0 Likes

The Large Camphor Tree(沙螺灣樟樹王), Sha Lo Wan , Lantau Island
Hong Kong

It is known that the large camphor trees at Sha Lo Wan Tsuen(village) on Lantau Island. Thay have a history of more than a thousand years.

When Hong Kong was under the occupation of the Japanese army, due to a shortage of fuel, there was a great demomd for wood. As a result, the Japanese soldiers lumberdd everywhere, but the soldiers dared not fell this large camphor trees. They seemed to have sprits and whenever after heavy rain, smoke thought that the god appeared and they regarded the camphor trees as trees of spirit. Hence, the camphor trees could remain intact and become the 'fung shui' trees of Sha Lo Wan Tsuen.

沙螺灣村有棵千歲樟樹王,村民視之為神樹,每逢大雨後,大樹會發出縷縷青煙,日軍入侵香港期間,因缺燃料,到處砍樹,惟獨不敢砍這棵大樟樹,怕褻瀆神明,這棵千年大樹得以保存至今。

Copyright: Wongchichuen
Type: Spherical
Resolution: 12496x6248
Uploaded: 09/09/2011
Updated: 12/08/2014
Views:

...


Tags: landscape; nature; travel; hiking; large camphor
comments powered by Disqus

njohn
Sha Lo Wan Tsuen 古色古香的沙螺灣村
黃志全
Sha Lo Wan(沙螺灣村), Lantau Island
njohn
Sha Lo Wan Tsuen 沙螺灣村
njohn
Sha Lo Wan 沙螺灣 Lantau Island
njohn
Sha Lo Wan Pier 沙螺灣碼頭 - Lantau Island
johnchoy ( 蔡旭威 )
Kadoorie Agricultura Aid Association at San Shek Wan (散石灣嘉道理農業協助協會)
johnchoy ( 蔡旭威 )
Hong Kong Lantau San Sak Wan (散石灣)
johnchoy ( 蔡旭威 )
San Shek Wan
njohn
San Shek Wan Village 散石灣村
wongchichuen
Sha Lo Wan Pier , Lantau Island ; HK
njohn
Tung O Ancient Trail 東澳古道觀景台
njohn
Tung O Ancient Path 東澳古道-遠眺赤鱲角機場的涼亭
David Mariotti
Dossin Great Lakes Museum, Gothic Room
yunzen liu
the Tibetan Prayer Flag on Biri Sacred Mountain Nyingtri
Bernd Kronmueller
Conwy castle old suspension bridge
Martin Hertel
Winternight at Brandenburg Gate
Jorge Santos
capela menino jesus de praga
Jucatulli
Vitoria Es
Andrea Biffi
Colonna Traiana e Fori Imperiali
Vil Muhametshin
Vecaki beach in wintertime, Latvia
Vil Muhametshin
Mellow evening at the beach of Etretat, Normandy, France
jacky cheng
Jinan Qianfoshan-Poke Holes-2
Rahim hamada-www.deja-view.org
white desert mushroom4
Vil Muhametshin
Plenary chamber of the Latvian parliament in Riga
黃志全
Occupy Central (佔領中環), HSBC, HK
wongchichuen
Another Side Of Stonecutters Bridge(青衣昂船洲大橋4), Tsing Yee, NT, HK.
黃志全
Canton Rd, Tsim Sha Tsui(尖沙咀廣東道), Kowloon
黃志全
Ma Wan Channel(馬灣海峽), Ma Wan
wongchichuen
Umbealla Movement----Day 21(雨傘運動第21天-----金鐘現場1), Admiralty, HK
wongchichuen
Lantau Trail Sec 3(大嶼山鳳凰徑第3段), Lantau Island, NT, HK
黃志全
Nagoya Banshoji Dori(名古屋萬松寺商店街1), JP
wongchichuen
Chikan old town2(赤坎古鎮) kai ping gd cn
黃志全
Abandoned Village(沙頭角谷埔荒村), Kuk Po, Sha Tau Kok, NT
wongchichuen
Hujingtou Battle Museum(小金門湖井頭戰史館2), Lesser Kinmen, Kinmen, Taiwan.
黃志全
Sunset At Shek Kip Mei(石硤尾日落), Kowloon, HK
wongchichuen
Lantau Link Two Bridge(青嶼雙橋---左青馬右汀九), Tsing Yi, NT, HK
More About Hong Kong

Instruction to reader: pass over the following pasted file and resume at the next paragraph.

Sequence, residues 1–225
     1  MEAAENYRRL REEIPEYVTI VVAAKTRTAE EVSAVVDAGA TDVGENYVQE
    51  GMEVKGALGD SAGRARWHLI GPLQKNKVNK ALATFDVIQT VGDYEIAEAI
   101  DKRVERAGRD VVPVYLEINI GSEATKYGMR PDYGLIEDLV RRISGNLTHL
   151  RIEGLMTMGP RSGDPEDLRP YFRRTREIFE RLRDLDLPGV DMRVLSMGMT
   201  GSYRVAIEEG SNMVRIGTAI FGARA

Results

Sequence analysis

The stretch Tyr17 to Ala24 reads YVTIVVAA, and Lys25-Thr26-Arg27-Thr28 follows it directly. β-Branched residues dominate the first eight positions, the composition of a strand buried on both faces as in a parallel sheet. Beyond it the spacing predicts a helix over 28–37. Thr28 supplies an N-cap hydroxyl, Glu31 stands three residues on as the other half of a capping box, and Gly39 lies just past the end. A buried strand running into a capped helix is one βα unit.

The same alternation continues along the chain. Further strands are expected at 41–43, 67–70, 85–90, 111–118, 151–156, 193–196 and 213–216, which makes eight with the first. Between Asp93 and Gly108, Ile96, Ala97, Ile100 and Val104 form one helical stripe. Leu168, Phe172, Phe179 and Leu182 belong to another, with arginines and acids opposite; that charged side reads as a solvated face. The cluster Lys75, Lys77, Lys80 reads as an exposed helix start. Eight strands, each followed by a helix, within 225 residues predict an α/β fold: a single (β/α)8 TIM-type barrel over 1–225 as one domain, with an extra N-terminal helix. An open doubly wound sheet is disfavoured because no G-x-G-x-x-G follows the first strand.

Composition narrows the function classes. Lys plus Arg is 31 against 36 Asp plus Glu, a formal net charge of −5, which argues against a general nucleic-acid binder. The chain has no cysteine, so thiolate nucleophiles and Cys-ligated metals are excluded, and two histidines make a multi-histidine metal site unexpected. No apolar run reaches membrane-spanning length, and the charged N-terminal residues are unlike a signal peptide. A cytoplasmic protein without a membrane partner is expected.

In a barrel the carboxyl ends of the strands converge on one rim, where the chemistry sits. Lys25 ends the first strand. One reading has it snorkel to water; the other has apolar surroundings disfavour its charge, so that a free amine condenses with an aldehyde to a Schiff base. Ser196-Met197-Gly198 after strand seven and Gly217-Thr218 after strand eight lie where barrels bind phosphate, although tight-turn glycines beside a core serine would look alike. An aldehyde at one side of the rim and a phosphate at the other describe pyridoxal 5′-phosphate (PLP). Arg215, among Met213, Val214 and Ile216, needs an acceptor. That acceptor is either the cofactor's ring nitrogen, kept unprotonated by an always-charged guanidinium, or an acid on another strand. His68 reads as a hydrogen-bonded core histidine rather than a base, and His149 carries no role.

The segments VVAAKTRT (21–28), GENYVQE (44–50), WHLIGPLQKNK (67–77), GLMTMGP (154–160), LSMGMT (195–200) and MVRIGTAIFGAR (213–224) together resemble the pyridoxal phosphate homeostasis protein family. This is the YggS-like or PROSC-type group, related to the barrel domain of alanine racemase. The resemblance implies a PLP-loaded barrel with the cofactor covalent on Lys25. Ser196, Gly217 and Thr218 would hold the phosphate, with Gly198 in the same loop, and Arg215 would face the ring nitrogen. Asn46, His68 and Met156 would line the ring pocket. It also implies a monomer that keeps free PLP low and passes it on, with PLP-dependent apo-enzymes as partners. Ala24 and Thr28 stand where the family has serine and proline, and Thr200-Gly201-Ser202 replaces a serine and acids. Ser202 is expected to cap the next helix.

Overview and HistoryHong Kong sits on the south coast of China, on the Pearl River Delta. It's got a population of more than seven million people and is one of the most densely populated places on earth. It also appears to be putting into place the template for population management, which cities around the world will be implementing as soon as they can afford it. More on that later.Archaeological evidence dates human activity beneath present-day Hong Kong back to the stone age. The area was first settled by people from the mainland during the Han dynasty, around the beginning of the common era (the P.C. term for when B.C. changed to A.D. Whoa!)For hundreds of years, Hong Kong was a small fishing community and haven for travelers, with a few pirates here and there. Then whitey showed up.Western influence reached China at the beginning of the 15th century, when all those great explorers in boats were cruising for loot in strange and mysterious places. Tea and silk were the commodities connecting eastern Europe to China, and Hong Kong was known as a safe harbor through which to pass. When you're carrying the Queen's tea, it's especially important to avoid ARRRRRRguments with pirates. Hyuk hyuk hyuk.Seriously folks -- in the eighteenth century Britain was doing a booming business with China, offering Indian opium to balance their extensive purchases of fine porcelains and everything else. The opium was ordained to be for medicinal purposes only, of course.Well, as you may imagine, the Chinese got sick of opium fiends junking up the place, so they attempted to stop the British suppliers, to no avail. The Opium Wars resulted and ended with China ceding Hong Kong to the British, in fear of their massive naval power. This took place in the year 1841.Colonization soon followed, Hong Kong shot up in value as an international port, and its population increased dramatically. In 1898 Britain acquired additional territories on a 99 year lease -- expiring in 1997. Does that year sound familiar? Read on.In the 20th century Hong Kong changed hands several times. The British surrendered it to Japan during World War Two, then took it back after Japan's defeat, then gave it to China later. Immediately following the war, Hong Kong served as a safe haven for hundreds of thousands of Chinese refugees, while the Chinese National Government was losing its civil war against communist leadership.The population of Hong Kong exploded as corporations seeking to escape Chinese isolationism arrived and set up shop. Cheap labor in the textile and manufacturing industries steadily built up the economy and ensured foreign investment. By the end of the 20th century Hong Kong had become a financial mammoth offering banking services to the world.In 1997 Hong Kong returned to Chinese rule with a few stipulations in place to guarantee its economic autonomy, as much as possible. The phrase "one country, two systems" was coined by the Chinese to describe the relationship between the mainland and Hong Kong.Getting ThereWell, where do you want to get to from the Hong Kong International Airport? There are ferries servicing six mainland ports in the Pearl River Delta Region. Airport Express Railway connects directly to downtown Hong Kong, and it has been rated the best airport in the world multiple times.The Airport Express Railway will get you into Hong Kong in about an hour, for $100. Public buses cost $10 and take a little longer. For direct service to your hotel you can take one of the hotel's private buses ($120+) or a taxi ($300+). As you can see, waiting time is optional for those who can afford it.Here's a little blurb on travel times, with further information for access to nearby cities (cross-boundary transport).TransportationGrab an Octopus card when you arrive. Octopus is the world's first electronic ticket-fare card system and the Hong Kong public transportation system is the world leader in people-moving. 90% of Hong Kongers get around on public transportation.Octopus covers the Airport Rail line, buses, ferries, the rapid-transit MTR network, supermarkets, fast food outlets, phone booths... It's how to get around the cashless economy.Nevermind the microchip built into it, you'll get used to having one of those on you at all times -- and soon they'll be internal! What do I mean? Many schools in Hong Kong even use the Octopus card to check attendance, because you read the card's data with an external scanner from a distance. This will the global norm soon. What if that chip is installed in your body? It's in the works baby!The hilly Hong Kong terrain also demands some special modes of transportation. If you've been to Pittsburgh, you may have some idea of how cool it is to ride a cable car up the side of a mountain, overlooking a majestic harbor and city. Multiply that by about ten thousand and you've got Hong Kong: vertical-travel trams, moving sidewalks, and the world's longest outdoor escalator system.People and CultureThe local currency is the Hong Kong dollar (HKD) which is pegged to the U.S. dollar. Official languages are Chinese and English.  You're on your own, baby!  Dive into the swarming, throbbing, pulsing, crawling and teeming mix!Things to do & RecommendationsThe Peak Tower and its shopping Galleria are the biggest tourist attraction in Hong Kong so don't miss it.Cool off in the Kowloon Park public indoor swimming pool!After that, go see what's happening at the Hong Kong Fringe Club, a non-profit organisation which puts together exhibitions for international artists and performers.Organize sports fans flock to the Hong Kong Stadium, but there's good news for disorganized sportistas too -- Mountain biking is now legal in the parks! Have at it, baby!All this excitement is going to make you hungry. Springtime is traditionally the time to celebrate seafood, summer is for fruits, and winter steams with hot pot soups to keep you warm.The best thing to do is go and find some dim sum. Dozens of plates of tasty small items, sort of like sushi but it's cooked, and the varieties are endless.Since you won't be able to walk down the street without complete and total sensory overload, I'll just whap in the Hong Kong tourist board's guide to dining and leave you to your intuition.Good luck, take it slow and above all -- DON'T SPIT OUT YOUR CHEWING GUM ON THE SIDEWALK. Gum is legal but there's a $500 fine for intentional littering. Enjoy!Text by Steve Smith.